Most of the people that we spoke with substituted the problem of maternal death with the problem of institutional delivery, which is somewhat more tractable. There is an implicit assumption that higher institutional delivery would lower maternal mortality. But there is not enough discussion on whether the focus on institutional deliveries limits our ability to understand the full complexity of the problem.
3. Experiences often don’t translate into learning
Every person we spoke with had insightful stories and personal experiences that shaped their understanding of the problem and potential solutions. These perspectives, however, are very much siloed and, as such, they don’t become part of the collective learning process. One of the key moments of our PDIA journey came when our authorizer participated in an interview with a community outreach coordinator. During that conversation, our authorizer found out that there were community peer educators active in many villages who could play an important role in generating demand for maternal care.
Three things we recommend
Our experience over 8 weeks contained a lot of lessons, some unique to our project, and others which seem applicable for anyone doing PDIA or other complex projects.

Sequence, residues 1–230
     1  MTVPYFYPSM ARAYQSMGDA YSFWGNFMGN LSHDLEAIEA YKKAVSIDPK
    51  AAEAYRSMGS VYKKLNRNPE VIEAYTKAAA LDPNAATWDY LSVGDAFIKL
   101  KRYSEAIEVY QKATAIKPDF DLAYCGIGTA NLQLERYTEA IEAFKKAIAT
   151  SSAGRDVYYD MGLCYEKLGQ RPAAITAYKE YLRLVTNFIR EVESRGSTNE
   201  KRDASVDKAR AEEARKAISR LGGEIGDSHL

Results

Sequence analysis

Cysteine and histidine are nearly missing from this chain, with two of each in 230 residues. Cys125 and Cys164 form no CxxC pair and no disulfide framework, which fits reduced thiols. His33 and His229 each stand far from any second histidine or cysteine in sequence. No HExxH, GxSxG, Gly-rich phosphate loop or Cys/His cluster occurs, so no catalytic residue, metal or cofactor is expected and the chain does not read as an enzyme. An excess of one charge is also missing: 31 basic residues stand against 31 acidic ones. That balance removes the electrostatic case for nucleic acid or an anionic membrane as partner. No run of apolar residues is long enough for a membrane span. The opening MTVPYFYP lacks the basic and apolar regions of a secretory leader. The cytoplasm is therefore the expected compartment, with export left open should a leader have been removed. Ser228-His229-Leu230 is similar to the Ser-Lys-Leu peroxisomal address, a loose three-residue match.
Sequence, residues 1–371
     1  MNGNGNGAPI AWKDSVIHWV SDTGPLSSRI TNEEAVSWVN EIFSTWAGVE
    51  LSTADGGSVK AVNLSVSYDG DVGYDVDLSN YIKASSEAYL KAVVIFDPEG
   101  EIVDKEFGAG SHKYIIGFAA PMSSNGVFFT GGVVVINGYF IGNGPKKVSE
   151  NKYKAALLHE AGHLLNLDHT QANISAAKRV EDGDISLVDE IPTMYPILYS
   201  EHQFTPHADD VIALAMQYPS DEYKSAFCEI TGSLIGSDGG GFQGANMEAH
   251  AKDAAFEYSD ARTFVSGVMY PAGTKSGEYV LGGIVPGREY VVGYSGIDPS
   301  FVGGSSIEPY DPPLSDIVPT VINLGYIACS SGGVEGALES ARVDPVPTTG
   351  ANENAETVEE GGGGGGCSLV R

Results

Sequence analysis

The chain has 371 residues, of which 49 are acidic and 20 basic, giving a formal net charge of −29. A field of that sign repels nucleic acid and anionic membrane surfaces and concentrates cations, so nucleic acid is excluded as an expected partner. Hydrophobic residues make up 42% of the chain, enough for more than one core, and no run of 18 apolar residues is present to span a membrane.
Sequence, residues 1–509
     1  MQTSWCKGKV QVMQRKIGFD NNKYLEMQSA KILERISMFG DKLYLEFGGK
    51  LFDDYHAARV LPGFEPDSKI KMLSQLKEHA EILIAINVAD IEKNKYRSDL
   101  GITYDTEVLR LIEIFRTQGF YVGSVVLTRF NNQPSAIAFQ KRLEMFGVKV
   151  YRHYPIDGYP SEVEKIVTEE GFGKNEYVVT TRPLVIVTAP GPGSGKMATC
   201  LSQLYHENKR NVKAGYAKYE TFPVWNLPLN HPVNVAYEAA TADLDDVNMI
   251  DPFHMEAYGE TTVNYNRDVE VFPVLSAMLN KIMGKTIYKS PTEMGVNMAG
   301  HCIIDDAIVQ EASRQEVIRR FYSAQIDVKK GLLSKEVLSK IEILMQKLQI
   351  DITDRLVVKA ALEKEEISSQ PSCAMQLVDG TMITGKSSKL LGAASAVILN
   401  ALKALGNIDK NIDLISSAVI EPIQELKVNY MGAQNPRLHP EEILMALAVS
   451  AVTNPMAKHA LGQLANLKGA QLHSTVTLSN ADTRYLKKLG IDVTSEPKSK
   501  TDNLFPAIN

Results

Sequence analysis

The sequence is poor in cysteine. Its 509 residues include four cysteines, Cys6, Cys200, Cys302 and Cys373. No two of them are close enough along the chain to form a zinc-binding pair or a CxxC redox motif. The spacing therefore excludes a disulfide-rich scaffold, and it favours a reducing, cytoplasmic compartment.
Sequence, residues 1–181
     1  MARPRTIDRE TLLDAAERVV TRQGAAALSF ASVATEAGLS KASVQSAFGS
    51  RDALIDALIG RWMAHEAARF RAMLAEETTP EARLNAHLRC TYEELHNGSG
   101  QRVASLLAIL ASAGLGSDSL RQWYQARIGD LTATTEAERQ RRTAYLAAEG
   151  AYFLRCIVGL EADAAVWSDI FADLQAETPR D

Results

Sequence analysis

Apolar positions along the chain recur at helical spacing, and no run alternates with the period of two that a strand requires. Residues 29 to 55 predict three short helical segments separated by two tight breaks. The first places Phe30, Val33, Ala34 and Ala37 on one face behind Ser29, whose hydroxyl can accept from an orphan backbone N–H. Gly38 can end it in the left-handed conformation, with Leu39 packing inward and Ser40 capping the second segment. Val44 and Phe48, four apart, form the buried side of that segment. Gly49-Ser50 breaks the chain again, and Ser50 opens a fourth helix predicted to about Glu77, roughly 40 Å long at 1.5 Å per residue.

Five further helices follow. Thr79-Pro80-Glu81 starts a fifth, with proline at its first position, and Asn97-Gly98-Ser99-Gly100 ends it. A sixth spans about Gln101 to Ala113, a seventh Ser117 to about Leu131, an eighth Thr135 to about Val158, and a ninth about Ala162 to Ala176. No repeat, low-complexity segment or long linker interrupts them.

1. Build in time for reflection and big picture thinking
As we went deeper into the weeds of our problem, we began to realize acutely the need to build in time for reflection. Since PDIA usually involves a problem with many unknowns, thinking holistically is essential. The PDIA weekly check-in includes the question, “What did you learn about the problem?” which is meant to help spark this bigger picture thinking. Yet, it can be all too easy to answer the question narrowly and miss the reflection opportunity.
Another reason to step back and reflect is that team members often develop different interpretations of the same events. Was the government avoiding dealing with maternal mortality, or making a good faith effort? Did our key informant believe that the demand-side of maternal health services was more of a constraint, or was it supply-side? Without making time to discuss and reflect on our evolving perceptions it was easy to get out of sync, not to mention, miss out on opportunities to expand each other’s’ thinking.
2. Organization is key
Organization is essential for any project involving multiple people, and especially when the project is complex, with many stakeholders and contacts. We kept all meeting and class notes in one google document, with a navigation pane to find things easily. Here, we also crafted agendas for upcoming meetings, and language to send to potential interviewees. As our interview list approached 20 people, we added status trackers and began to follow this closely. One take-away is not to wait to develop these tools – start using them at once! More importantly, review these organizing tools regularly to keep track of stakeholder engagements, questions and ideas to follow up, and to reflect on overall learnings.